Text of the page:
The European Union tries to save the nuclear deal with Iran


The European Union Vice-president and Foreign Affairs High Representative, Joseph Borrell, announced Wednesday that the EU is preparing for a meeting of ministers of State parties to the Iran nuclear dossier agreement before Christmas, after a phone call with Iranian Foreign Minister Mohammad Javad Zarif. “I have spoken on the phone with the Minister of Foreign Affairs of Iran, Javad Zarif, and I will call a ministerial meeting before Christmas to relaunch the nuclear deal,” Borrell said in a press conference from Bruxelles. He stressed that this deal is the only way to prevent Iran from becoming a nuclear power.

A meeting of the joint committee on the Joint Comprehensive Plan of Action is scheduled for December 16 in Vienna. Borrell departments have made it clear that it will bring together representatives of the European bloc plus two (France, Germany, United Kingdom, China, and Russia). Helga Maria Schmidt, Secretary General of the European General Affairs Committee will direct the meeting.

The European Union department indicated that the participants will discuss ongoing work to maintain the joint global work plan and how to ensure full and effective implementation of the agreement by all parties. Borrell did not specify the date or place of the ministerial meeting. Tensions escalated after U.S. President Donald Trump unilaterally withdraw from the deal in 2018 and reset tough economic sanctions on Iran. Almost a year after, Tehran has gradually canceled many of the key-obligations under the Joint Comprehensive Plan of Action on Iran’s nuclear program(JCPOA), reached in Vienna on 14 July 2015.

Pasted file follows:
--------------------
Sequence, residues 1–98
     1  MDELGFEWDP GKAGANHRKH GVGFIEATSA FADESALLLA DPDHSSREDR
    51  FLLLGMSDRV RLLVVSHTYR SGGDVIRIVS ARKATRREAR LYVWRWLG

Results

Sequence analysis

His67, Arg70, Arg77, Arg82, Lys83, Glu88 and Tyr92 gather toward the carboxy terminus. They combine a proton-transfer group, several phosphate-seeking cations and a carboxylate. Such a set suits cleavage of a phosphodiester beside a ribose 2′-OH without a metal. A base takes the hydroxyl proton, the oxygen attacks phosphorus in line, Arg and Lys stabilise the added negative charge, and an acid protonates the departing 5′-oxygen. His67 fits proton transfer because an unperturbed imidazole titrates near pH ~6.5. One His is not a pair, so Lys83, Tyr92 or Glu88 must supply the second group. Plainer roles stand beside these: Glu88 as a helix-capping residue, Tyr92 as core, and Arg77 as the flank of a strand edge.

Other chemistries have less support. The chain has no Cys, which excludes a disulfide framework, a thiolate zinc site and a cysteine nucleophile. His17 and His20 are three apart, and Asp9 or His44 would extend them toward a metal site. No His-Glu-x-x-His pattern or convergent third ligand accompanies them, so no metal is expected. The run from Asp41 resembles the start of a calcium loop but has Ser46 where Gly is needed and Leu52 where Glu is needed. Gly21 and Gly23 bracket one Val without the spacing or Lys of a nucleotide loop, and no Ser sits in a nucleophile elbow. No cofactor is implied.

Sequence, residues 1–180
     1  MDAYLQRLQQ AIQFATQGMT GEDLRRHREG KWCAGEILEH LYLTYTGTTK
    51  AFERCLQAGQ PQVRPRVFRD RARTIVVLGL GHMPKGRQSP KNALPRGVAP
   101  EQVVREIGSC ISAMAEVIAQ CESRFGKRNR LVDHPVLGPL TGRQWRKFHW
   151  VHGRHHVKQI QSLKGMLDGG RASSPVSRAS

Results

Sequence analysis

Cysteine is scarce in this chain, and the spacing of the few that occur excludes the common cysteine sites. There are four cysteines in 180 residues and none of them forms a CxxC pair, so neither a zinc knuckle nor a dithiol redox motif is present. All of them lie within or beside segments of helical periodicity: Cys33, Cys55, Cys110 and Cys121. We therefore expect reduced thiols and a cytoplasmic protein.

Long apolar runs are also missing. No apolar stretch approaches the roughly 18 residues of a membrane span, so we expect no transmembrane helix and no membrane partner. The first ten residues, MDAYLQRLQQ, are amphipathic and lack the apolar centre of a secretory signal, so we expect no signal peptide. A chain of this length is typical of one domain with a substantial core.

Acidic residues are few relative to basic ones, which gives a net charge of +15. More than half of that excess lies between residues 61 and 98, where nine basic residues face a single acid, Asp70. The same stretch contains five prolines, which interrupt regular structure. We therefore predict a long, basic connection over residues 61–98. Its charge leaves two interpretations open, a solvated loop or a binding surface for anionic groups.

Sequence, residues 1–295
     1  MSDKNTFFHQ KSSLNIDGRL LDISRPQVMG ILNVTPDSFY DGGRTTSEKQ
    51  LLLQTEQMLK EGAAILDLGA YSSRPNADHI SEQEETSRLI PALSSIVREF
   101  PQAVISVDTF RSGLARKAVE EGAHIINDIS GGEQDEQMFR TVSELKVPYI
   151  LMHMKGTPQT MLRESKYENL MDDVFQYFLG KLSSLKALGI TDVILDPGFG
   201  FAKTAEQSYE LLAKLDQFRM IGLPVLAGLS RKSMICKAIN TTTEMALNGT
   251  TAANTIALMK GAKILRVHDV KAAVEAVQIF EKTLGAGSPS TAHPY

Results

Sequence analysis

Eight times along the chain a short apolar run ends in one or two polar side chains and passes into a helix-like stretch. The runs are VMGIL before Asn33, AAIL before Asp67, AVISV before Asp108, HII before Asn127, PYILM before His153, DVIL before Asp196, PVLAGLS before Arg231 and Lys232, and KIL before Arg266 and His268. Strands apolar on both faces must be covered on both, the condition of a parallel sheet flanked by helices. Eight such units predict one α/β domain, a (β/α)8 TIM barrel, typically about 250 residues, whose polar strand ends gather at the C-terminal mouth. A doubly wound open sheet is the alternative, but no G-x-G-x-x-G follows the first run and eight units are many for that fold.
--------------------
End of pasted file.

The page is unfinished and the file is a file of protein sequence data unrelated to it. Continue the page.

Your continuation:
The JCPOA is intended to ensure that Iran’s nuclear agenda will be exclusively peaceful and provides for the comprehensive lifting of UN, EU and US nuclear-related sanctions. Following the assassination of the nuclear scientist Mohsen Fakhrizadeh, one of the most eminent scholars of the Islamic Republic, behind whom Iran accused Israel, the door to the internal debate on nuclear obligations was reopened, especially by the parliamentarians of the Shura Council, which conservatives have dominated after the elections.

Iran’s president on Saturday joined other top officials in blaming Israel for killing the country’s top scientist, an incident fanning the flames of tension in the region.”The Europeans have remained united on keeping this deal alive,” Borrell added, stressing the EU hopes to bring the US and Iran back into the agreement and expects Tehran to return to full agreement with its nuclear obligations.”We will do whatever we can in order to make this deal be a security provider for the whole region,” Borrell concluded.



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